Decreasing Heart Failure Readmissions

Submitted by:Written by: Irene Sours, RN, WCC, ICP, Nurse Consultant
 
Overall, 30 day re-hospitalization rates for residents of long term care facilities have steadily risen in the United States. This is largely due to the average hospital length of stay has been reduced and patients discharged to long term care facilities sooner than in the past.
A frequently observed example is a resident with arteriosclerotic heart disease in addition to congestive heart failure that requires close observation by all staff for signs of decompensating, abnormal fluid balance or adverse effects resulting from prescribed medication.
Case managers/admission coordinators and nursing staff play key roles in reducing heart failure readmissions, beginning with admission to the long term care facility.  Reviewing the resident’s medical information prior to arrival is vital and reviewing again after admission is just as important.
  • Link each medication with a diagnosis, appropriate clinical and laboratory monitoring and document.
  • Identify weight parameters and protocol for weight gain.
  • Identify sodium restricted/specialized diet.
  • Establish physician visit within 3 to 5 days of hospital discharge with appropriate primary care or specialist physician.

There are several basic steps in developing effective chronic disease management and care within the facility. An initial step is to develop materials and processes that describe the signs and symptoms in easy, understandable terms to ensure residents, families and staff (i.e., STNA, activity staff, dietary aides, housekeeping, etc.) can communicate their understanding of the basic disease process.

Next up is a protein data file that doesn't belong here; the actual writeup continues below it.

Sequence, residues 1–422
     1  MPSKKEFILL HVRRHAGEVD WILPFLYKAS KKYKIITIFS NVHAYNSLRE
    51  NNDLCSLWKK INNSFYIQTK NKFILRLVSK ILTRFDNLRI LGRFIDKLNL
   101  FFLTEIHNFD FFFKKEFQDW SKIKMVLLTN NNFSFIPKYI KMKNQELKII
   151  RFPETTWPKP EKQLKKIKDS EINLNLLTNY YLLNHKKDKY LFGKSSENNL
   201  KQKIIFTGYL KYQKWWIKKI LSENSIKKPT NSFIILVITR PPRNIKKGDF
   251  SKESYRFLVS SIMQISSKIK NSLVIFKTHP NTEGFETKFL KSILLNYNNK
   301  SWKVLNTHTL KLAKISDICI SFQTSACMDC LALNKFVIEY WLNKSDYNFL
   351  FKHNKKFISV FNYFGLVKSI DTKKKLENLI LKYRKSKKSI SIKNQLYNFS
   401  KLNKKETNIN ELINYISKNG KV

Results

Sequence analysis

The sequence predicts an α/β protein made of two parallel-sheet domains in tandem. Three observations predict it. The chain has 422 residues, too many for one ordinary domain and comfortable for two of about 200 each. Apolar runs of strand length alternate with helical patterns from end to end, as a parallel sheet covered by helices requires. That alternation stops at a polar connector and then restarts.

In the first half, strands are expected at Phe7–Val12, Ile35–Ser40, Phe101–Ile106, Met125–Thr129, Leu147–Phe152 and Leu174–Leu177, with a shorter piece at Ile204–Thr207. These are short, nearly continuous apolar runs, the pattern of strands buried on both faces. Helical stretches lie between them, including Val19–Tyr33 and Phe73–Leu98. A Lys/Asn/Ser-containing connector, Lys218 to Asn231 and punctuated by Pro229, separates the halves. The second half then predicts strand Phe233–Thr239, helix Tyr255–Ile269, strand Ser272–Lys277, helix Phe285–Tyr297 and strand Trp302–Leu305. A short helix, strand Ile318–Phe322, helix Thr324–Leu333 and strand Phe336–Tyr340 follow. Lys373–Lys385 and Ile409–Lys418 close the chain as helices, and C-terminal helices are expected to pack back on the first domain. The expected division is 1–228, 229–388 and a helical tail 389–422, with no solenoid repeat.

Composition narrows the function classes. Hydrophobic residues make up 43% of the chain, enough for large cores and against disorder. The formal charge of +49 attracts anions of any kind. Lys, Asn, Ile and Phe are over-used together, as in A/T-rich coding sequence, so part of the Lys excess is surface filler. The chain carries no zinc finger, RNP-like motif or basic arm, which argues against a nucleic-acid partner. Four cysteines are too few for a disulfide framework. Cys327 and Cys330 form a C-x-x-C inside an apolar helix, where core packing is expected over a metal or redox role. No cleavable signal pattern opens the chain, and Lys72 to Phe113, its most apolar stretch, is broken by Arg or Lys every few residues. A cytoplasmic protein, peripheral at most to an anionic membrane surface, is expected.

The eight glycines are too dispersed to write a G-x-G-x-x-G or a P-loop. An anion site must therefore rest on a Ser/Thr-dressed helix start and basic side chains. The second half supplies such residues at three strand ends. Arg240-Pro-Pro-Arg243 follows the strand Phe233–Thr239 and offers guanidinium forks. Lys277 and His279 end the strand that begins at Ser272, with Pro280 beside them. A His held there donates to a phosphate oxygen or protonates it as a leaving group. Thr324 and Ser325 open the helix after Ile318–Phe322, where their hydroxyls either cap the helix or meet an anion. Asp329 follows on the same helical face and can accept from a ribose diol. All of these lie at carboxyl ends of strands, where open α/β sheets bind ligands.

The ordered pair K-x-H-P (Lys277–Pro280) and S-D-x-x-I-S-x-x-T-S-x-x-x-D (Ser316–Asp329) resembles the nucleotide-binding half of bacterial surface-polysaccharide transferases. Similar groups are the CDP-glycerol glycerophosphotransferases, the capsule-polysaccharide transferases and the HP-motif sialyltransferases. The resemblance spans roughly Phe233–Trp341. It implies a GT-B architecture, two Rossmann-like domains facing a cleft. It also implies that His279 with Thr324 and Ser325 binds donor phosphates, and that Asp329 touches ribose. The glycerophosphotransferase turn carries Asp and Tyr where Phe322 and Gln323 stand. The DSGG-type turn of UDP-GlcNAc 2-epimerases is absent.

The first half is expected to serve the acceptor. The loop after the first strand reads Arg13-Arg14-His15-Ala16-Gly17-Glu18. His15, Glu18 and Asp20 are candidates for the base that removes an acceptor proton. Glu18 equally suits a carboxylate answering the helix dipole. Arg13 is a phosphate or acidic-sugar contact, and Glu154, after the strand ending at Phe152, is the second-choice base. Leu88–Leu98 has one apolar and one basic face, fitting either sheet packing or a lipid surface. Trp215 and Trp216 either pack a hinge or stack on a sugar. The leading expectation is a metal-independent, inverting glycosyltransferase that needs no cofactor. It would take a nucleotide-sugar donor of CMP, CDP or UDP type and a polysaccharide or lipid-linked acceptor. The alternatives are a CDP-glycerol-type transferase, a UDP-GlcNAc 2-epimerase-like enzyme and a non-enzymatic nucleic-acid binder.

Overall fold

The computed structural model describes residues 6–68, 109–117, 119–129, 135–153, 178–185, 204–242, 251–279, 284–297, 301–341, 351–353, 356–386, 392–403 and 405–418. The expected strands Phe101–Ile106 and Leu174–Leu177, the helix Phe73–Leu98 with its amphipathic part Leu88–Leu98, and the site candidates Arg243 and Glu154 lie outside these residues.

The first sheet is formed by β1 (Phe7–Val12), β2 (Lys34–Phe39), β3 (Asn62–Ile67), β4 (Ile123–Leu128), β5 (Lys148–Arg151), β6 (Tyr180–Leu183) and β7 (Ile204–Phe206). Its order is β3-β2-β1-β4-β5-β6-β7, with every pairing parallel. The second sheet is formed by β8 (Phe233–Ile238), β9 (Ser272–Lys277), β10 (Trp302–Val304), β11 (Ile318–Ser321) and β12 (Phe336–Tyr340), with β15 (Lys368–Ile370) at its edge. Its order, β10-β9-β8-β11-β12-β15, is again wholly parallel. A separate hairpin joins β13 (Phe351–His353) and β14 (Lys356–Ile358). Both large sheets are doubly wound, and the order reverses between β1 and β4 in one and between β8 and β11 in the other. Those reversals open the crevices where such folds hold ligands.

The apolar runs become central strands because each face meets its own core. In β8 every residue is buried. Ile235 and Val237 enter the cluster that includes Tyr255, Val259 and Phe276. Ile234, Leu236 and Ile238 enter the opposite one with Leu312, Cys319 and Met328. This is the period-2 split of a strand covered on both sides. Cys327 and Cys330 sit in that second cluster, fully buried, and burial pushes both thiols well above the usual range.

Key points regarding CHF may include:
  • Congestive heart failure means the heart is not pumping enough blood to meet the body’s needs.
  • Blood may back up in the lungs causing shortness of breath and increased coughing
  • Blood may also back up in other parts of the body, which can cause swelling in the legs, feet or abdomen.
  • Diminished blood flow in the body may increase fatigue and promote loss of appetite.
Disease monitoring and intervention coordination by licensed nursing staff and STNA’s is crucial. Management of CHF requires regular assessments that are most effective when completed consistently by a nurse and STNA who are knowledgeable about the resident and their disease pattern. This can be accomplished by regular staff assignments.
Communication of an acute episode to a primary physician can be challenging. A thorough assessment before contacting the physician is paramount. The assessment should consist of the following: collecting vital signs, apical pulse, lung sounds assessment, O2 saturation, allergies, recent change in medication, mental status change, fatigue, etc. By providing the appropriate communication tools and holding competency and practice skill labs will make the licensed nursing staff proficient in providing accurate and timely communication.
Work together with the primary physician and demonstrate nursing staff is equipped with the knowledge and tools to monitor and treat acute CHF episodes at the facility. Effective management of CHF is important for all skilled nursing facilities. Many tools are available, such as INTERACT III or you can develop your own, but remember the key is consistency and education.

 
Bibliography
Peters, Diane, RN, NHA, MS. Improving care for Residents with Congestive Heart Failure.
AHRQ. Evidence-based Practice Center Systematic Review Protocol Project Title. http://effectivehealthcare.ahrq.gov/ehc/products/510/1409/heart-failure-readmission-protocol-130610.pdf 

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